Categories: Homeschooling Projects, Our Homeschooling Plan, Science Rocks For Kids!, Social Science Rocks For Kids! | Tags: , , , , , , , , , , , , , , | 9 Comments

Cool Field Trips Ideas For Kids!


It never hurts to Ask!”  I have found that educating my child at home, and in the world, requires a lot of new experiences, ideas, and other people to share their gifts, talents, and knowledge with us. We are always learning, individually, and together, and I wanted to share some of the ideas we have come across, quite successfully, because we simply made a phone call or email, or simply asked.  

Anyone who homeschools with their kids knows that a big part of the experience is to seek out and discover new ways to excite imagination and learning.  This is true of kids who attend brick-and-mortar schools as well.  Kids who do go to a seat-based school usually have opportunities to go on field trips to museums, community services, and other fun things. Homeschooling kids need these opportunities too, and it is our job as educators to provide new experiences to learn and just have a great time with other kids and parents. Here are some field trips that Captain and I have arranged, and enjoyed, and they didn’t cost a thing (except for some stickers and badges that we got for the kids). We recommend trying these out…


#1. Visit Your Local Fire Department!:  We did this 2 ways.  In California, I arranged a tour with the local fire house for a large group of moms and kids from The Mommy Network.  I simply looked up the local fire department online and sent an email to their public relations department explaining that I had a group that would love to tour.  The captain called me back immediately and we set up a date.  It was awesome!  This was an extensive tour of the facility’s barracks, kitchen, garden (with chickens!) and then on to the firetrucks themselves.  The kids learned about fire safety and even got to try on the gear and climb all over everything, with lots of cool firefighters on hand to help.  The guys were great and even had a tug-of-war and other fun stuff to do on the lawn.  At the end, the firefighters gave each of the kids a goody bag with fun stuff AND their very own plastic fire hats. What a great tour!  At another time, on a visit to Troy, Ny, we were simply walking by and poked our heads in to the firehouse and the wonderful Captain on duty let our little Captain climb around inside the truck and was there to answer any questions we had. Both ways are fun, but I highly recommend arranging an actual tour with the fire department as if it very informative and fun. For a firehouse tour, you will generally need to gather a group of at least 8 people, but you can arrange this when you call or email.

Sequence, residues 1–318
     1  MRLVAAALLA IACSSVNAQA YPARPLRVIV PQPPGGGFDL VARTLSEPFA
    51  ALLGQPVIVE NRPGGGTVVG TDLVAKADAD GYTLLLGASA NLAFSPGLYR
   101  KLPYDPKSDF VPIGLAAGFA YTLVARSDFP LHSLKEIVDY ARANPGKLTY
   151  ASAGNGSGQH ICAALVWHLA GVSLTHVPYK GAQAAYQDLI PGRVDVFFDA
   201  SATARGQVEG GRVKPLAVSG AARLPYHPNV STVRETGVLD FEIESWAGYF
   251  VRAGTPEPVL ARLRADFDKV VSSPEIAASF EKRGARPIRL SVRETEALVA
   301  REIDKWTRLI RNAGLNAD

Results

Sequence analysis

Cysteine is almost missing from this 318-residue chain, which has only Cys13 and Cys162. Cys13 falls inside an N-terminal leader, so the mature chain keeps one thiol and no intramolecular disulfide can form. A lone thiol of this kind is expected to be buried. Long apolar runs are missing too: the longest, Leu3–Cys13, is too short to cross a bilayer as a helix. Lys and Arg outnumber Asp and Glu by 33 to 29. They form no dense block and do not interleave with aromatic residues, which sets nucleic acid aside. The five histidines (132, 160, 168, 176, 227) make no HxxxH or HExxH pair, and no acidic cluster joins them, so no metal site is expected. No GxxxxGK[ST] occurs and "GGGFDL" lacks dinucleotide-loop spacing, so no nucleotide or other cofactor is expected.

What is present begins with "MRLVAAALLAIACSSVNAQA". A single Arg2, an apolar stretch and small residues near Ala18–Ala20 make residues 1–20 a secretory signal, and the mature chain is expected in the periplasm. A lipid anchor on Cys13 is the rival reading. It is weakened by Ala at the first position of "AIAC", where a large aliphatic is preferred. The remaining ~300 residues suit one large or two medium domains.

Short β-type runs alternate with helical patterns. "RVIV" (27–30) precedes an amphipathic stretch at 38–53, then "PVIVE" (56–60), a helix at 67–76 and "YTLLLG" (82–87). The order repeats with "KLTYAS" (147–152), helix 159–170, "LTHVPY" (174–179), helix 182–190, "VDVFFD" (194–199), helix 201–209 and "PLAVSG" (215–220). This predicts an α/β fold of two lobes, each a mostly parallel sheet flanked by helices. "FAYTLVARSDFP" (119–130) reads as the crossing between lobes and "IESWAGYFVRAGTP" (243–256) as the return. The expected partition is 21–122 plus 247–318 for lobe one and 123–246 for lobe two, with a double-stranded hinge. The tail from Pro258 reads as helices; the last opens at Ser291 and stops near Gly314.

#2. Visit your local Police Department!: For this tour you will need to do the same thing as above and contact your local police department’s tours/relations department.  We did this in Paso Robles, CA and they had regulations on the size of the group (6-10) which wasn’t a problem. When we arrived, we had a tour of the building and jail cells.  The tour leader talked about safety and showed us how people are fingerprinted, searched, and processed through the jail.  Captain and I handed out stickers and each kid got a small, metal police badge that I found very cheaply online through a wholesale sticker outlet.  It was fun and informative, and once again, I was surprised at how easy it was to arrange.


#3. Visit a Veterinary Hospital! : This is as simple as emailing your local animal clinic or hospital with your request to tour the facility and learn about what veterinarians do and how animals are cared for there. Include a time frame of possible dates and the number of people who will attend. We toured Paso Petcare in Paso Robles, CA, and they are awesome!  We ended up taking our new puppy there, actually, after we had visited and saw how clean and nice their clinic is, and how they care for the animals.  They were wonderful and welcomed us all. Dr. Lucy gave us the tour, and we all learned about the rooms, the surgeries and care that the animals need. There were things to touch and animals to see and we got to meet the resident one-eared cat that had been rescued by the staff. Lots of questions were answered and the kids loved the animals.  Getting to see how they are cared for was a wonderful experience!


#4. Arrange a tour with your local Ambulance company!